Dravet syndrome is a catastrophic childhood epilepsy with multiple seizure types that are refractory to treatment. The endocannabinoid system regulates neuronal excitability so a deficit in endocannabinoid signaling could lead to hyperexcitability and seizures. Thus, we sought to determine whether a deficiency in the endocannabinoid system might contribute to seizure phenotypes in a mouse model of Dravet syndrome and whether enhancing endocannabinoid tone is anticonvulsant. Scn1a+/- mice model the clinical features of Dravet syndrome: hyperthermia-induced seizures, spontaneous seizures and reduced survival. We examined whether Scn1a+/- mice exhibit deficits in the endocannabinoid system by measuring brain cannabinoid receptor expression and endocannabinoid concentrations. Next, we determined whether pharmacologically enhanced endocannabinoid tone was anticonvulsant in Scn1a+/- mice. We used GAT229, a positive allosteric modulator of the cannabinoid (CB1) receptor, and ABX-1431, a compound that inhibits the degradation of the endocannabinoid 2-arachidonoylglycerol (2-AG). The Scn1a+/- phenotype is strain-dependent with mice on a 129S6/SvEvTac (129) genetic background having no overt phenotype and those on an F1 (129S6/SvEvTac x C57BL/6J) background exhibiting a severe epilepsy phenotype. We observed lower brain cannabinoid CB1 receptor expression in the seizure-susceptible F1 compared to seizure-resistant 129 strain, suggesting an endocannabinoid deficiency might contribute to seizure susceptibility. GAT229 and ABX-1431 were anticonvulsant against hyperthermia-induced seizures. However, subchronic ABX1431 treatment increased spontaneous seizure frequency despite reducing seizure severity. Cnr1 is a putative genetic modifier of epilepsy in the Scn1a+/- mouse model of Dravet syndrome. Compounds that increase endocannabinoid tone could be developed as novel treatments for Dravet syndrome.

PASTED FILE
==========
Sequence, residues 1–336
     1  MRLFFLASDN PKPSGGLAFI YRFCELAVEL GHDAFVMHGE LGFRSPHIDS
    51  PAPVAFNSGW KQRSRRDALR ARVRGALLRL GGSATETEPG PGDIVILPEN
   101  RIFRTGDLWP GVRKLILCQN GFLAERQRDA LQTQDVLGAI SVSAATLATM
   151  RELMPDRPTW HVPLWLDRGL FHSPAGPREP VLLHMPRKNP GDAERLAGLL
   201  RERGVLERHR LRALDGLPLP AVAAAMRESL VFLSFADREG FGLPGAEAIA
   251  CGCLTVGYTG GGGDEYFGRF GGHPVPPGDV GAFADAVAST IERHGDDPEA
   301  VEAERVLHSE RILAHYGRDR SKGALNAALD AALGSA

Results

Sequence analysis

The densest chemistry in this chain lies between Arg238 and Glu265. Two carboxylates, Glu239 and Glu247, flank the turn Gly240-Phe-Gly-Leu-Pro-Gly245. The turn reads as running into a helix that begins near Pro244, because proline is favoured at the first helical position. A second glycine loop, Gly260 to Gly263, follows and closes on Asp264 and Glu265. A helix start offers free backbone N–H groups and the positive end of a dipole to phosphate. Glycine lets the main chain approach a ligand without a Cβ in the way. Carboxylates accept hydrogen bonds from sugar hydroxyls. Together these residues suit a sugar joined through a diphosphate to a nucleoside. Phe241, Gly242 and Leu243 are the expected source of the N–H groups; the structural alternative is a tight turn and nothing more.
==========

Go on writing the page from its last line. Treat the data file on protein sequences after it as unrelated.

|Original language||English (US)|
|State||Published - Mar 1 2022|
- Cannabinoid receptor
- Dravet syndrome
- Endocannabinoid system
ASJC Scopus subject areas
- Cellular and Molecular Neuroscience